President Donald Trump’s newly released 2018 budget calls for an increase in federal spending on school choice programs by $1.4 billion, ultimately reaching an annual total of $20 billion.
According to the budget, state and local matching funds for public and private school choice could mean $100 billion total would be spent on such programs.
Additional spending in 2018 on school choice would include:
A $168 million increase for charter schools, $250 million for a new private school choice program, and a $1 billion increase for Title I, dedicated to encouraging districts to adopt a system of student- based budgeting and open enrollment that enables Federal, State, and local funding to follow the student to the public school of his or her choice.
According to the National Center for Education Statistics (NCES):
A public charter school is a publicly funded school that is typically governed by a group or organization under a legislative contract (or charter) with the state or jurisdiction. The charter exempts the school from certain state or local rules and regulations. In return for flexibility and autonomy, the charter school must meet the accountability standards outlined in its charter. A school’s charter is reviewed periodically (typically every 3 to 5 years) by the group or jurisdiction that granted it and can be revoked if guidelines on curriculum and management are not followed or if the accountability standards are not met.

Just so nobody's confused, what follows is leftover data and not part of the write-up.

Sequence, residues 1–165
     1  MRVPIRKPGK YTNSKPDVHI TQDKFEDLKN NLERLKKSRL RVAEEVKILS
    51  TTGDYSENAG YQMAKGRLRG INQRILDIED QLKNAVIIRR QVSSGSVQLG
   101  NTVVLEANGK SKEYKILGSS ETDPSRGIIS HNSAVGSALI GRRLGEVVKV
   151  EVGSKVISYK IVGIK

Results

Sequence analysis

The plan calls for continuing $13 billion in funding for students with disabilities under the IDEA program and $492 million for Historically Black Colleges and Universities and Minority-Serving Institutions. However, Trump’s proposed budget would eliminate $3.6 billion in support for programs for instruction support, before and after-school and summer programs – all of which the plan observes, “lack evidence” of meeting the goals of improving student achievement.
Trump’s budget plan also calls for either eliminating or reducing “over 20 categorical programs that do not address national needs, duplicate other programs, or are more appropriately supported with State, local, or private funds.” Among those programs mentioned are: Striving Readers, Teacher Quality Partnership, Impact Aid Support Payments for Federal Property, and International Education programs.
Overall, Trump’s budget for next year offers $59 billion in discretionary funding for the federal Department of Education, an amount the plan says represents “a $9 billion or 13 percent reduction below the 2017 annualized CR level.”